But his performance as Whip Whitaker, an alcoholic airline pilot battling with inner demons after his jet goes down, is no less impressive in Bob Zemeckis’s (Back To The Future) powerful addiction-drama.
The tendency for a film of this nature – Whitaker is drunk at the controls when his plane suffers a mechanical failure that forces him to crash land, his superior skills alone resulting in a miraculous evasion of what could have been a far larger tragedy – would be overly preachy, sentimental and, for the actor, showboaty.
Washington, though, is too savvy to over-egg it and delivers a performance that is subtle and compassionate without glossing over the fact Whitaker is no saint.
He’s a self-deluded mess, prone to playing the victim (“Don’t worry about me” he roars as those close to him try in vain to help), yet he’s empathetic, too.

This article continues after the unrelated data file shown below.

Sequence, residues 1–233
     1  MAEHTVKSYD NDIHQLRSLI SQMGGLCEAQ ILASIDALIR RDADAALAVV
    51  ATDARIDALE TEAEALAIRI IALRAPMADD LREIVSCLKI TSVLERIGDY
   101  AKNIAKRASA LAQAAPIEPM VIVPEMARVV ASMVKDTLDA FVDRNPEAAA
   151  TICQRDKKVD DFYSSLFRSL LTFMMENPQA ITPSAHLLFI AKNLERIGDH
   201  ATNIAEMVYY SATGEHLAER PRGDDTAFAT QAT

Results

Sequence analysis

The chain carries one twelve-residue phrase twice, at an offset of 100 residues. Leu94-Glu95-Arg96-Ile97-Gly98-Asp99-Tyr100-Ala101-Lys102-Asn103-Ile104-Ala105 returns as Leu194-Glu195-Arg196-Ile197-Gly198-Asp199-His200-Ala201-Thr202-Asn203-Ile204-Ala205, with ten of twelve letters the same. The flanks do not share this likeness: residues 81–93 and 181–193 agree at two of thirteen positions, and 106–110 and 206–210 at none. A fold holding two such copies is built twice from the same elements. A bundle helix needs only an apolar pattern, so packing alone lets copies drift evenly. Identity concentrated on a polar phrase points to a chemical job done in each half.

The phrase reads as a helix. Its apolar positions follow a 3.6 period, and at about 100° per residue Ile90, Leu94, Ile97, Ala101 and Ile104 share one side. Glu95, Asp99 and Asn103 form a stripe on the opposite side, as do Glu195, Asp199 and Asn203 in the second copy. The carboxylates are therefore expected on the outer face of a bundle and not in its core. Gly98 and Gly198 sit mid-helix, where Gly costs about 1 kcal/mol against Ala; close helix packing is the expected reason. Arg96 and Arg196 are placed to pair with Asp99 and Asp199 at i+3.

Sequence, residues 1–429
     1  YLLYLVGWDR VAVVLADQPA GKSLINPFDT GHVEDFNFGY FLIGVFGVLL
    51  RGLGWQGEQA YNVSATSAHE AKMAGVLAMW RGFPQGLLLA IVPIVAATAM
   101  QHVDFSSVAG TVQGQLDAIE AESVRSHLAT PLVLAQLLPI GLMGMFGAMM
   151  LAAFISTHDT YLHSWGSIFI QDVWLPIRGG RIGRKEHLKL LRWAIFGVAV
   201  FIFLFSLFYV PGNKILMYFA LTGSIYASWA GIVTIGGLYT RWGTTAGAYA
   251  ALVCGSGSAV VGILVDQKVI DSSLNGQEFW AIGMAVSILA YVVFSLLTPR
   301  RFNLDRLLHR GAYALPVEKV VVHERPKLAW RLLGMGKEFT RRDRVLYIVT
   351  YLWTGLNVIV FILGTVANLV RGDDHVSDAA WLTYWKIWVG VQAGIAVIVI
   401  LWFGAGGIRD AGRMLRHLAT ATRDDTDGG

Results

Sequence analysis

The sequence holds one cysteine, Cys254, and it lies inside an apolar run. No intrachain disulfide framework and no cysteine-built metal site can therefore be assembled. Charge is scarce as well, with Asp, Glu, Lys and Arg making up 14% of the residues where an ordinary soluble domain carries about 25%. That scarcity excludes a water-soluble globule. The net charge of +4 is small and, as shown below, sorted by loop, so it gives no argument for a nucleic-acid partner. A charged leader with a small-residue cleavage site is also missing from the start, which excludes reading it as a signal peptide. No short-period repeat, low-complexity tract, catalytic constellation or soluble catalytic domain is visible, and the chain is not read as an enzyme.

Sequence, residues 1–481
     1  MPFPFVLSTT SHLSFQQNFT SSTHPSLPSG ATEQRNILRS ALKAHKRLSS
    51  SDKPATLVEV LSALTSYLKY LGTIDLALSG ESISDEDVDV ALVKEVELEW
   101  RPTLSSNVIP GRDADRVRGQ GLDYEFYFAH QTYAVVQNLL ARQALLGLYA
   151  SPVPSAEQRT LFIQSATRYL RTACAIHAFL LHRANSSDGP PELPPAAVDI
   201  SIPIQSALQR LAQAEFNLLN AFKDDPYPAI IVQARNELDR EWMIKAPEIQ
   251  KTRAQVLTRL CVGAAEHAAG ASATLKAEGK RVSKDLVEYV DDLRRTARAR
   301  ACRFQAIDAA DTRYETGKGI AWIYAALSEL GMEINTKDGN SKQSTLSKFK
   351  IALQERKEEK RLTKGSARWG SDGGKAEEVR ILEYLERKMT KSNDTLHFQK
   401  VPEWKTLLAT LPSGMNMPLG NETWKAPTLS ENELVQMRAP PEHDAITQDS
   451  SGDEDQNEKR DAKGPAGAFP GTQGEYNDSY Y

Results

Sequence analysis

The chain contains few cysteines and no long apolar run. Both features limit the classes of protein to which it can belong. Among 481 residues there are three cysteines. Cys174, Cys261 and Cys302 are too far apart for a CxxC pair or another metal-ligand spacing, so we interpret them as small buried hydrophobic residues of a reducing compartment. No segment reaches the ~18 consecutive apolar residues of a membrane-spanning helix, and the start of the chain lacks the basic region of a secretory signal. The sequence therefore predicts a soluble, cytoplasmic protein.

Zemeckis allows the story and relationships to unfold naturally, and stages a barnstorming crash sequence opening.
It is the more intimate moments that affect most, though – Whitaker staring conflictedly into a hotel minibar; desperately pleading with those around him to support his lies – and despite a closing act that threatens to veer into Hollywood excess, Zemeckis and screenwriter John Gatins close out on a note full of warmth, honesty and touching drama.
Washington may not win the golden gong, but were he to it would not be a travesty, as he proves here that he’s one of the finest actors out there.
Good for: A serious subject tackled in a major Hollywood production with insight and honesty.
Starring: Denzel Washington, Kelly Reilly | 15 | 138mins | Out February 1